Also, Rekhmire' was the obvious romantic match with Ilario from his first appearance and I think it would have been a hell of a lot more interesting if the match with Sulva had worked out and everybody had had to factor that into their feelings.

I talked a little about Ilario and the erasure of Jews here: basically, all the anti-Semitic slurs and the problems of assimilation, prejudice, and/or passing with which a Jewish family in our early fourteenth-century Rome would have been expected to contend are transposed onto the Etruscan family of Sulva Paziathe; Jews might as well not exist in Ilario despite their known presence in Ash only a generation later. It is weird and struck me as weird on first reading and is weirder every time I try picking up the novel again. The Etruscans are awesome and I want more representation of them. Mary Gentle seems only to be able to conceive of one underrepresented axis at a time. Genderqueer characters, women under the bus. Persecuted Etruscans in the world of the Green Christ, goodbye Jews.

[edit] OH RIGHT INCREDIBLY PROBLEMATIC REPRESENTATION OF TRANS FEMALE CHARACTER HOW COULD I FORGET. I mean, I think it is trying. But I do not consider it all right for other characters to use Neferet's male birth name as a rebuke to her and for Ilario's observations to keep focusing on the male tells of her physique as contrasted to her feminine dress and movement, as though what is most important about her is that she does not pass entirely.

Edited at 2014-07-09 09:50 pm (UTC)
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ashlyme
User: ashlyme
Date: 2014-07-09 21:56 (UTC)
Subject: (no subject)
Thanks for taking the time to talk about "Ilario". I think I'd have so many of the same problems with it that I shan't bother.
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Sovay: Psholtii: in a bad mood
User: sovay
Date: 2014-07-09 22:14 (UTC)
Subject: (no subject)
iconPsholtii: in a bad mood
Thanks for taking the time to talk about "Ilario". I think I'd have so many of the same problems with it that I shan't bother.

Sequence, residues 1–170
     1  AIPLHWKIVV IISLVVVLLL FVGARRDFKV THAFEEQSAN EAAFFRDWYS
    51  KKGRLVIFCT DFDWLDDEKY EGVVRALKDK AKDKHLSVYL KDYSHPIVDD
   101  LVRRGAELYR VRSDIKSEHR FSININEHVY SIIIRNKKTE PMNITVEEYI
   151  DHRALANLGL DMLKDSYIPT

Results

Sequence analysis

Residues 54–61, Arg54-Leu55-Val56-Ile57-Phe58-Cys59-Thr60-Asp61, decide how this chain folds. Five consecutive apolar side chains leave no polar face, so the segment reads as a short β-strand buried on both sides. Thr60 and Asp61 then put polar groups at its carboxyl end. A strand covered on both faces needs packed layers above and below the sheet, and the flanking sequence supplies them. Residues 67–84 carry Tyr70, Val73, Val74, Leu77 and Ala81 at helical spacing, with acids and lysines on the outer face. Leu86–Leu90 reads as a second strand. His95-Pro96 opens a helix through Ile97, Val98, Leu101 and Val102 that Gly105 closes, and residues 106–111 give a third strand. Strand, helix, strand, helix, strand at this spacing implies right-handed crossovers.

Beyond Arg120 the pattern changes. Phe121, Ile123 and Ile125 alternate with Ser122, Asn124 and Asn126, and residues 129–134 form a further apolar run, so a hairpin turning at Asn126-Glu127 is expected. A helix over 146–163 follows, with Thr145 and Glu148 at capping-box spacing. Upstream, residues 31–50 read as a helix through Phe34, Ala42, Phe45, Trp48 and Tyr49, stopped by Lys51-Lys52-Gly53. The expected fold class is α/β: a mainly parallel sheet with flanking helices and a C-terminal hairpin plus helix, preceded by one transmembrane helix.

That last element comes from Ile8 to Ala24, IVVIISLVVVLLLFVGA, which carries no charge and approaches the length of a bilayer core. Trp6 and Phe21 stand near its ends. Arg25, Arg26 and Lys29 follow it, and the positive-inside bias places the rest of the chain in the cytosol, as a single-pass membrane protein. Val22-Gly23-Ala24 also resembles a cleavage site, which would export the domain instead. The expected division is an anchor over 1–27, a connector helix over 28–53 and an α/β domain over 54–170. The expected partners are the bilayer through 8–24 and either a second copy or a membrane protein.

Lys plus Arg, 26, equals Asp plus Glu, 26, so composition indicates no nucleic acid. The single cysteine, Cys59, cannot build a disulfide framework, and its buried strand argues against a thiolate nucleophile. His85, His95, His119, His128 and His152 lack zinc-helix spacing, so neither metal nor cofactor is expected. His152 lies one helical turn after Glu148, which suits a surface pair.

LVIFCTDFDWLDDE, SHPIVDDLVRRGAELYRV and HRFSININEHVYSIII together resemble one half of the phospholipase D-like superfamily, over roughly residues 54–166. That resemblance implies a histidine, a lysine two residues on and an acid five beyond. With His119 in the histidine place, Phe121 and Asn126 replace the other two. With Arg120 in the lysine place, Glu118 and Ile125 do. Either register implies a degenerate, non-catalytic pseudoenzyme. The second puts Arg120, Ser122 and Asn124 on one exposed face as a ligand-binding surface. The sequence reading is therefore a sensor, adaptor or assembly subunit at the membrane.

It was an immensely frustrating book. I read it breathlessly when it came out. The political pull is very strong, even diluted by the meandering around the Mediterranean that makes up most of the book's physical action, and Ilario's attempts to assert an identity in a world that wants to categorize them as either really male or really female or really not human are legitimate and compelling, and the book builds many of its central questions around the exploration of slavery, the ownership of human beings, either explicitly (cash in hand, collars on necks) or by social and economic exploitation (laborers bound to land they do not profit from, women as the property of their husbands)—what people do when other people belong to them. The dynamics of Ilario's family, once the novel finally gets around to talking about them, are wrenching. But it never came together for me as a novel rather than an extended series of sketches on similar themes and the writing is nowhere near as tight or as eloquent as Gentle has shown herself capable of and the gender problems are huge and screaming and ended up blotting out even the love story for me. I was sad. I mean, Roz Kaveney says very nice things about it on the cover. But it didn't work for me.

[edit] Her latest novel is Black Opera (2012), which I have not read. I am feeling a little burned now and cautious. Also, it's about opera, so if she screws up technical things about classical singing, I will be really annoyed.

Edited at 2014-07-10 01:53 am (UTC)
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handful_ofdust
User: handful_ofdust
Date: 2014-07-09 20:16 (UTC)
Subject: (no subject)
Beautiful description. You should maybe spin it out for another Weird review, if possible.

Man, I loved "Near Zennor." Pure numinosity. Though I don't think I've ever read that Sleator...
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Sovay: Claude Rains
User: sovay
Date: 2014-07-09 21:53 (UTC)
Subject: (no subject)
iconClaude Rains
You should maybe spin it out for another Weird review, if possible.

Hmmm.

Pure numinosity.

Yes!